Wes said...

I doubt that many watched Charlie Rose last night, but he once again managed to touch on this area. The guest was Michael Oreskes, Editor of the International Herald Tribune and co-author of The Genius of America: How the Constitution Saved Our Country and Why it Can Again

Oreskes takes a position on the power grab of Cheney - Bush as being not surprising, but that Congress's abdication of the responsibility to fight back was disconcerting. Oreskes said that probably the single most important issue for this election cycle is that of how you protect the rights of the individual and still protect the citizens of this country from terrorism.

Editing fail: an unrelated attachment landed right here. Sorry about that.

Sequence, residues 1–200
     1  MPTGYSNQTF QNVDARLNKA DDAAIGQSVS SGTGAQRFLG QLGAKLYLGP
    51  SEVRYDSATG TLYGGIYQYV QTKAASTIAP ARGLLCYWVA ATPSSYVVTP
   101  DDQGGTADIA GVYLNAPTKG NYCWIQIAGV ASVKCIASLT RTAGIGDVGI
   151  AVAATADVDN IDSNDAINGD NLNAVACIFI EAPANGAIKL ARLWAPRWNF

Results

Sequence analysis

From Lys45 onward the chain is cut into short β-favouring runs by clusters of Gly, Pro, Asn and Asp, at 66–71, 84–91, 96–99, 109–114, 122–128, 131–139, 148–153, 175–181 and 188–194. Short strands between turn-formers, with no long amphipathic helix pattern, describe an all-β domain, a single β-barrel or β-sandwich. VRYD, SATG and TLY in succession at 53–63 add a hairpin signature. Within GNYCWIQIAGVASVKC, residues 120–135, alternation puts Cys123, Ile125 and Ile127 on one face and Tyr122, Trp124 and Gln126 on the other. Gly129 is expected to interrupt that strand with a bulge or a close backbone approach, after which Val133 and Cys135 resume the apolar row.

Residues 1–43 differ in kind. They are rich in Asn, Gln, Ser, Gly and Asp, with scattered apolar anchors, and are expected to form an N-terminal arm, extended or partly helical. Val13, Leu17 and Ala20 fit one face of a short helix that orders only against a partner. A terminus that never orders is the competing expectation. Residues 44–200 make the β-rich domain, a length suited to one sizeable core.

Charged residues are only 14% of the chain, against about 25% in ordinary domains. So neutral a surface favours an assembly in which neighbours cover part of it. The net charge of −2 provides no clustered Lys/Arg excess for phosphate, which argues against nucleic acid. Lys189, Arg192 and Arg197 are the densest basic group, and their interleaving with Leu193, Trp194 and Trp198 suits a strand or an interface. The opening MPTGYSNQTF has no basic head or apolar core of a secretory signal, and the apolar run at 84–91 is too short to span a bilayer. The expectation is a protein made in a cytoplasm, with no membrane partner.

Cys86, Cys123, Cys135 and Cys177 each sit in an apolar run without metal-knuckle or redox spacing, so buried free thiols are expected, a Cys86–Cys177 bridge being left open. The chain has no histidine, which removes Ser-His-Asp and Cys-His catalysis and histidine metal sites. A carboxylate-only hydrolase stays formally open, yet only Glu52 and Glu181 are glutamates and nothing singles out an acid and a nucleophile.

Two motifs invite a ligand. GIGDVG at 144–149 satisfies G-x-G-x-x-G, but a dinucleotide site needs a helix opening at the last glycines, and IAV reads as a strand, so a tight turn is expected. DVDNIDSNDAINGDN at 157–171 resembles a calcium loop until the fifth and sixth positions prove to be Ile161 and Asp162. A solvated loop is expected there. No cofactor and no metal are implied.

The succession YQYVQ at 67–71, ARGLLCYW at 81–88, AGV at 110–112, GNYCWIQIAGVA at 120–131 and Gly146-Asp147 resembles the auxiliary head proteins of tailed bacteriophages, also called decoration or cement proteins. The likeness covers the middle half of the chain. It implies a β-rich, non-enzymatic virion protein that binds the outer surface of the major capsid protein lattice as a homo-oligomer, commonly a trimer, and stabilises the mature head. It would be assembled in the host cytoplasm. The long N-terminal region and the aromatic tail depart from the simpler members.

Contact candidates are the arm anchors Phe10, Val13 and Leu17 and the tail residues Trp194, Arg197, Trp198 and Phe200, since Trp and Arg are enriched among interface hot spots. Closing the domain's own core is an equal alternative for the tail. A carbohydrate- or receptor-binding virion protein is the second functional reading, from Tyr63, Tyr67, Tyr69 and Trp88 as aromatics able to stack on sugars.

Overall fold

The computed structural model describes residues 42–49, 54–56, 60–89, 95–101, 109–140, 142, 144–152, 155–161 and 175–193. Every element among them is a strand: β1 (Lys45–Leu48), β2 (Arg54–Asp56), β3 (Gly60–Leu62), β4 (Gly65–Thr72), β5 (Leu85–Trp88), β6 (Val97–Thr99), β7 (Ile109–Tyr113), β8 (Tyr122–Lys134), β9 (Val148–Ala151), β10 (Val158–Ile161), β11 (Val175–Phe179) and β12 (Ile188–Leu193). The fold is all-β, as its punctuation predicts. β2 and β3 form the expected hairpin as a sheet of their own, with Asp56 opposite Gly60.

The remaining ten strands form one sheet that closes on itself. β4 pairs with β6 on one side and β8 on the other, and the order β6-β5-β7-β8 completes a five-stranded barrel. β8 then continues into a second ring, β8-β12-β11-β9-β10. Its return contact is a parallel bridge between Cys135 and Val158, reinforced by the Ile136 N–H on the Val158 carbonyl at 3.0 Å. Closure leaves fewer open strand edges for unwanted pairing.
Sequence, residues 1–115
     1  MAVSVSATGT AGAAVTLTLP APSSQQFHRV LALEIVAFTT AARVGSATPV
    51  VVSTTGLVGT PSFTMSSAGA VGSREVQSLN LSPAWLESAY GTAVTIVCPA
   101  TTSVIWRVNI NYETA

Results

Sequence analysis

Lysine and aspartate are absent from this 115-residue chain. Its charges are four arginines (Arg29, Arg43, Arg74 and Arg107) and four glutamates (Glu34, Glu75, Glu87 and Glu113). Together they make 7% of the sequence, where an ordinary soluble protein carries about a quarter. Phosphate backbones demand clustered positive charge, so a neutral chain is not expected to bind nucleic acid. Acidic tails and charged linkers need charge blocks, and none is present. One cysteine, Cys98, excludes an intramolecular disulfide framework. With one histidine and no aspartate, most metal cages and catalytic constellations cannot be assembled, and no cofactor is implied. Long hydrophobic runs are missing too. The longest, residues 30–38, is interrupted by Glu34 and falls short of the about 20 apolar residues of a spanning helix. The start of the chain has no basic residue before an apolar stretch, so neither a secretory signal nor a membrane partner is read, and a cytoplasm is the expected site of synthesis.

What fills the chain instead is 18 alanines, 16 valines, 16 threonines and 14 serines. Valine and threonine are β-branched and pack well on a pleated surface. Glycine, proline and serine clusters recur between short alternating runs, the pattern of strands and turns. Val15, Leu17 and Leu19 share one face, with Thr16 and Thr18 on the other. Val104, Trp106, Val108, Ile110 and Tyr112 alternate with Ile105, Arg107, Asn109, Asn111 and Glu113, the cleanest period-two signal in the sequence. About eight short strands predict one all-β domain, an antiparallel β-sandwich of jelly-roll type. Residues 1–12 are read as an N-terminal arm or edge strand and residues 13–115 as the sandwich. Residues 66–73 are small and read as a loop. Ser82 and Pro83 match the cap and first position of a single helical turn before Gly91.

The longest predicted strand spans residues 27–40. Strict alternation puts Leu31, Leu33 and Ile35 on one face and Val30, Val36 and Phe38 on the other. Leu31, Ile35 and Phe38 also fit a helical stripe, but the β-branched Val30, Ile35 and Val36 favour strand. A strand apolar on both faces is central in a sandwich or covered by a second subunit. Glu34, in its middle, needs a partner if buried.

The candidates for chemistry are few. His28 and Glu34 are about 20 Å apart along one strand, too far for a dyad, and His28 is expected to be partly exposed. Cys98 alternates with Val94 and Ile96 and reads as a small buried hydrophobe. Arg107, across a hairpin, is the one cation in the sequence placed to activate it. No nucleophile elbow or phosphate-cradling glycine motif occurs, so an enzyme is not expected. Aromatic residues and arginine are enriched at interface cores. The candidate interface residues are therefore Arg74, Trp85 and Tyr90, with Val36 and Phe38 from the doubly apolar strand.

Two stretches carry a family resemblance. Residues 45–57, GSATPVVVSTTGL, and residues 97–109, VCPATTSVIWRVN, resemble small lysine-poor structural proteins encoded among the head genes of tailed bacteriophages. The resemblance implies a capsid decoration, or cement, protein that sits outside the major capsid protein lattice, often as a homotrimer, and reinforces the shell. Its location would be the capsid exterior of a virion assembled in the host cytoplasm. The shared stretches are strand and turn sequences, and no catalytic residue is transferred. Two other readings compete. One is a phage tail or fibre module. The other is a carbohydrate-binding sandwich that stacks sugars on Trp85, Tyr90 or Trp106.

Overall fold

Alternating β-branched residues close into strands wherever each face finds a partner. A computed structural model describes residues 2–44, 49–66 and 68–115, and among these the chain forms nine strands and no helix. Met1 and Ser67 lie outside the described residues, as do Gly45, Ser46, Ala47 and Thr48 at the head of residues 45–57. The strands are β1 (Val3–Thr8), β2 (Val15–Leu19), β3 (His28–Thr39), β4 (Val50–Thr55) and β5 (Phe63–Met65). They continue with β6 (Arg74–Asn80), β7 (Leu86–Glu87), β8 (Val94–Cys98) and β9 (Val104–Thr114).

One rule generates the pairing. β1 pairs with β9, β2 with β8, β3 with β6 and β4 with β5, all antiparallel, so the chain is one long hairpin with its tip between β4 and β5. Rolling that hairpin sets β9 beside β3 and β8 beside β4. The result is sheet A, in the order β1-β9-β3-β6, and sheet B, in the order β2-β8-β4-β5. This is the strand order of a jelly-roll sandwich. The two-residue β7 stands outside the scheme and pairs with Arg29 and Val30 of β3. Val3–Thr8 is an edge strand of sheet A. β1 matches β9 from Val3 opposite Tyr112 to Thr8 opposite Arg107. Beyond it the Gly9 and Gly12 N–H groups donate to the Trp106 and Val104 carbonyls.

Mailer would surely have agreed.

This is a topic that I do not hear discussed by a single one of the presidential candidates of any party. Maybe, it is an issue on which our Green candidates should speak out.

Alex Walker said...

Careful Wes ...

The Gaia Theory, which I personally happen to think is a magnificent elegant way to conceptualize the problem, gets dangerously close to that kind of Green "religious" thinking that you so dislike.


This is as far removed from the "liberal" Democratic of "conservative" Republican thinking of conventional minds as you can get.

Wes said...

Alex, it is perhaps less "religious" when you happen to arrive at such conclusions through the study of science rather than reason your way there from the study of philosophy.

I still respond to Asmiov's exploration of multiple future societies in his "Foundation" and "Robot" series of SF novels. It is revealing that this scientist (Ph.D. - biochemistry) arrived at Gaia as the only solution for the future of humanity.